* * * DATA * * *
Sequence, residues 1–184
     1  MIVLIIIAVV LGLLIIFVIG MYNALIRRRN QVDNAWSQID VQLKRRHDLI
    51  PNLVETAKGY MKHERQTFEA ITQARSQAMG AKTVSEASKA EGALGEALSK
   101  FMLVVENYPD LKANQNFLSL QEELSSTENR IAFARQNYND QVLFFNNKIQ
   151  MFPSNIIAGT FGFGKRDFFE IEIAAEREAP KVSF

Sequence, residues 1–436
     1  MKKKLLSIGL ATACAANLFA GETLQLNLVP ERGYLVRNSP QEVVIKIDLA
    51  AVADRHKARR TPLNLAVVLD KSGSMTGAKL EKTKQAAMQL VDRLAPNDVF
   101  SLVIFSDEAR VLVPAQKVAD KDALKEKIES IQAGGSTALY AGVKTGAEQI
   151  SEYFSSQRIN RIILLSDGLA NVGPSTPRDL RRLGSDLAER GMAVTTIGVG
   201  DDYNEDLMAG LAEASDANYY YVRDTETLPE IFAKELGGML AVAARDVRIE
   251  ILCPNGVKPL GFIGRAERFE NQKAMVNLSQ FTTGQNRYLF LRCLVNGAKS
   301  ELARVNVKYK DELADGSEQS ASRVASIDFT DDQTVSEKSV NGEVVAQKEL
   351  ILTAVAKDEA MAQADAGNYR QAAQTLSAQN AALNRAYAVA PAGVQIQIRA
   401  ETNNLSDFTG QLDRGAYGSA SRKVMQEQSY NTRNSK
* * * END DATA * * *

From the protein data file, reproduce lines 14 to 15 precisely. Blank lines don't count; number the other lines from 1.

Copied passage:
   351  ILTAVAKDEA MAQADAGNYR QAAQTLSAQN AALNRAYAVA PAGVQIQIRA
   401  ETNNLSDFTG QLDRGAYGSA SRKVMQEQSY NTRNSK